6. Pierrot le Fou
The other French New Wave auteur on this list is Jean-Luc Godard, whose films often have a visual flair despite their unorthodox natures. Pierrot le Fou is characteristically chaotic, with oddballs that escape the conventionalities of life to go to the Mediterranean Sea.
Raoul Coutard makes the foreground subjects punch with vibrant colours, so the backdrops of the deeply blue sea exist peacefully behind the shenanigans taking place. You can just smell the salty air and feel the gentle breeze that coasts through the scenes here, even with the jarring edits and cheeky narrative. Pierrot le Fou is all about a departure from reality; this might be the most peaceful aura any Godard film has ever projected.
7. Summer with Monika
Ingmar Bergman’s proposition that existentialism can only go so far is Summer with Monika (one of his first real successes). Gunnar Fischer perfectly makes Sweden look like a dungeon before the to-be-permanent excursion to the archipelago. Once we get to the islands of Stockholm, the air is open and the water is at peace.
We begin to learn that even an open world does not help closed off people, and the seaside begins to torment us (despite never changing). Bergman loves to work with reflections (via windows, mirrors and the like), but the self-meditation that comes from the glass-like water is an otherworldly achievement.
8. Taste of Cherry
There’s no doubt that Abbas Kiarostami is an integral figure in art house and Iranian cinema. Taste of Cherry is one of his finest examples for his prominence. Even with a dismal subject, the world that Mr. Badii endures looks richly colourful as he drives around.
The appropriately named film lingers through the visual content, as nothing is deeply red: it’s simply tinted just right. Homayvun Payvar balances the right amount of natural influence and artistic decision-making here, because the scenery is sublimely uniform. With a tricky subject matter, the landscape that floods the screen will invite you to revisit what the world can offer you naturally.
The final film here is Kenji Mizoguchi’s love letter to the spiritual side of Japan. With a poetic tale that dives into the arms of a ghostly figure, Ugetsu is boldly placid with its setting. Kazuo Miyagawa captures the mist that rises off of Lake Biwa perfectly, reminding us that spirits can exist in other, natural ways on Earth (and not just via our own depictions of the dead).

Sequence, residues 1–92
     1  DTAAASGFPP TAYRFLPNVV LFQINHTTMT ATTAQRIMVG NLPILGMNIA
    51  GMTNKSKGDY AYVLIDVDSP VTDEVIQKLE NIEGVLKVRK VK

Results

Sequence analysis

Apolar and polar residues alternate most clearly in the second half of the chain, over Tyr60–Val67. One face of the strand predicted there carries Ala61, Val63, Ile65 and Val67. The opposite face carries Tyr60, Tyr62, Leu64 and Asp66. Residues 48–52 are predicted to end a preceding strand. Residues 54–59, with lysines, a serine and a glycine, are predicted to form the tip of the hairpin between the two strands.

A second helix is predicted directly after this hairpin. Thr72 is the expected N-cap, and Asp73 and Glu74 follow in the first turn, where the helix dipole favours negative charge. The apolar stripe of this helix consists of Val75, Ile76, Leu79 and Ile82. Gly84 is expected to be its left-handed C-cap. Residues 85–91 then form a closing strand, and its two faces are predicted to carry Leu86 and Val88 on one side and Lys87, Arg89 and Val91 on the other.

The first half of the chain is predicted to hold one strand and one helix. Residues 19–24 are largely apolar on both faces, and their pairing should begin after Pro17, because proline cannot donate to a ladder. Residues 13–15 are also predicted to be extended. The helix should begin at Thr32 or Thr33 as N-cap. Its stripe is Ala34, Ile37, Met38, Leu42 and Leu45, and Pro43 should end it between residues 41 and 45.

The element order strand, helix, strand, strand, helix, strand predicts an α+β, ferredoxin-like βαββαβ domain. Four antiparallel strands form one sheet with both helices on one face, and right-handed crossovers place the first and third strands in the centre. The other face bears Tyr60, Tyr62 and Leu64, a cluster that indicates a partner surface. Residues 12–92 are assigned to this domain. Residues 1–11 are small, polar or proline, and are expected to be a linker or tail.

Trees are bare and reach for the sky as if they are held prisoner, yet they show no malice. Grass is tall but it does not stand boldly. Much about Ugetsu is mystifyingly stern, yet it is all soothing to witness; it is simply hypnotic.
10. Days of Heaven
Yes, a Terrence Malick film is here. It is difficult to pick just one film of his that showcases the wonderful ways of the world the best. Days of Heaven narrowly wins because it contains so many facets. It is the starting point for settlers and workers. It is the vast spaces between us. It is golden and sepia to place us in a different time; as if we jumped into an old photograph.
The works of Néstor Almendros and Haskell Wexler behind the camera enrich the shimmer found within the Texas Panhandle during World War I. When the plague of locusts takes place, all is but a deep, bronze glaze. Days of Heaven truly does feel angelic visually.
Author Bio: Andreas Babiolakis has a Bachelor’s degree in Cinema Studies, and is currently undergoing his Master’s in Film Preservation. He is stationed in Toronto, where he devotes every year to saving money to celebrate his favourite holiday: TIFF. Catch him @andreasbabs.